From dead silent neighbours to the best pizza in town – Miguel worked his way into success

Italian-Argentinian Miguel Angel Papaianni runs a successful restaurant business in Helsinki. He encourages immigrants to work hard and adapt to the culture.

Tuiaara Linnala

Sercan Alkan

Published 13.05.2024 1:43

Updated 13.05.2024 1:43

A sunny May morning hints that the long-awaited summer is finally arriving. In Oulunkylä, Helsinki, Italian restaurant Capperi waits for the first visitors of the day. 

The co-owner of the restaurant, Miguel Angel Papaianni, arrives at 10 am sharp with a wide and honest smile on his face.  

“Hola! Esta bien?” he greets in Spanish, but quickly switches to English and offers coffee.  

In Oulunkylä, Papaianni is far away from his original home.  

He was born in Argentina to an Italian family, a cultural background that has followed Papaianni throughout his life. He can recall how in his childhood his family and other relatives gathered to prepare salamis or make tomato sauce for the whole year. 

The Italian heritage is visible also in Capperi restaurant. 

When entering the bright restaurant space, the first thing one notices is a decorated wall of tiles. Each tile was made over a hundred years ago and carefully brought from Italy. Nothing is adapted to be familiar to a Finnish person. Instead, everything screams “it is a piece of Italy”.  

Papaianni is a man full of energy, who tells about his life experiences happily and openly. While doing so, his hands gesticulate actively and he constantly bursts into laughter, which fills the room with southern warmth.  

And of course, the owner of an Italian restaurant has an opinion about the hottest topics related to Italian cuisine. 

“It is not criminal to add pineapples to pizza”, Papaianni says with a teasing smile on his face. “But it is criminal to add parmesan cheese to a seafood pasta, especially to a shrimp pasta.” 

Why can’t the Finns open their mouths? 

Miguel Papaianni moved to Helsinki with his family in 2014 from Buenos Aires, Argentina. He had met a Finnish woman, and the couple already had three kids. Argentina’s unstable economy led the family to look for a new home in the home country of Miguel’s wife.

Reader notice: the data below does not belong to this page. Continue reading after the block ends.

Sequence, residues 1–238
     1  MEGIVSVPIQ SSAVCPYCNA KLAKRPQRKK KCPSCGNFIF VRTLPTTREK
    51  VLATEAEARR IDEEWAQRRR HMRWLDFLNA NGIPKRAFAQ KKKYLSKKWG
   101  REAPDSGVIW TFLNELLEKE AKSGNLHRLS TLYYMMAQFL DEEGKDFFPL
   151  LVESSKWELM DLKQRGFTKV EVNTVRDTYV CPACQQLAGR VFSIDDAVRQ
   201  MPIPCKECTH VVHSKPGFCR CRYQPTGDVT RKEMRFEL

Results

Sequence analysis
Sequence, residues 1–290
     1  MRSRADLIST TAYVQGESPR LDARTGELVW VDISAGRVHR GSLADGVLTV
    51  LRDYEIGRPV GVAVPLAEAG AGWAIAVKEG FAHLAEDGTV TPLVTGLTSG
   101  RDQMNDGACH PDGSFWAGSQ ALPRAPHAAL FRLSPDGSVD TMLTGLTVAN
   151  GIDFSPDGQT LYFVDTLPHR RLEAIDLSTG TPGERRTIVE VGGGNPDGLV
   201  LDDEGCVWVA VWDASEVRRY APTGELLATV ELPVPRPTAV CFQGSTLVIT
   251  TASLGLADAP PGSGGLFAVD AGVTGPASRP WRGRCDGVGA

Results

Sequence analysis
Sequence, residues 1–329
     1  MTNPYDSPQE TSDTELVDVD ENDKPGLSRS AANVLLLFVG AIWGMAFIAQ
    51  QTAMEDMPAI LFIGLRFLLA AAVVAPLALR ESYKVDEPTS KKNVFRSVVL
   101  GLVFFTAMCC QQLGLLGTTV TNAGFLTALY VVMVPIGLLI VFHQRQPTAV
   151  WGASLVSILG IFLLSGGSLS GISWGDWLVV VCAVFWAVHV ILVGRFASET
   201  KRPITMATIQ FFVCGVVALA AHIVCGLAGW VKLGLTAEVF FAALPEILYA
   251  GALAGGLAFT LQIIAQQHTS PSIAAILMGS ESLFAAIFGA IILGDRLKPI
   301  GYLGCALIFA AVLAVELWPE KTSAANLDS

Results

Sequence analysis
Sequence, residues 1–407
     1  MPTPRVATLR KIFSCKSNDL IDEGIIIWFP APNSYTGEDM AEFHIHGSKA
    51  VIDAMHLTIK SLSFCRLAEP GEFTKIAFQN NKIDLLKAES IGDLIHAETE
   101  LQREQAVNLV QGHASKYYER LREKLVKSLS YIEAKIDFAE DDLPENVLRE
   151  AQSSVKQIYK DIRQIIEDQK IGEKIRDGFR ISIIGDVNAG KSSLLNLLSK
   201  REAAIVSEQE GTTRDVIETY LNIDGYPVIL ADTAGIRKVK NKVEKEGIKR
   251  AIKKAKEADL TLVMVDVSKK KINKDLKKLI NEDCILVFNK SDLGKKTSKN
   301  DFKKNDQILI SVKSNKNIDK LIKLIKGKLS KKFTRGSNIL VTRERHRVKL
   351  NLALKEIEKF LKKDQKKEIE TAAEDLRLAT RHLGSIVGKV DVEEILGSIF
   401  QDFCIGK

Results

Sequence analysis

Miguel had visited Finland before for holidays, but that didn’t offer full picture of what the country was like. After he moved here permanently, the cultural differences became visible.  

In the beginning, Papaianni struggled with the lack of communication between people in public. When sitting in a bus, the Finns wouldn’t say in advance that they were about to leave the bus at the next stop. They just started to move in their chair, Papaianni recalls.  

“I had to ask them if they needed to leave. Only then they would reply, but why didn’t they ask earlier? I couldn’t understand it.” 

Similar things happened even among neighbours. 

“When I started my Finnish language course, I had to walk to the bus stop. There I met my neighbour”, he tells. “He started to stare at me from more than 100 meters, and when we crossed the sidewalk, the man turned his head, ignored me and walked away.” 

Papaianni felt offended.  

“In my country, it’s considered bad upbringing to stare at someone and not greet them.” 

The same thing happened the day after, and the following day, and the day after that. Every time Miguel Papaianni stubbornly wished the neighbour good morning.  

After multiple attempts, the neighbour finally replied with a nod. And eventually even smiled and wished back good morning out loud. 

“I was so happy”, Papaianni says. “I thought: finally, I got him!”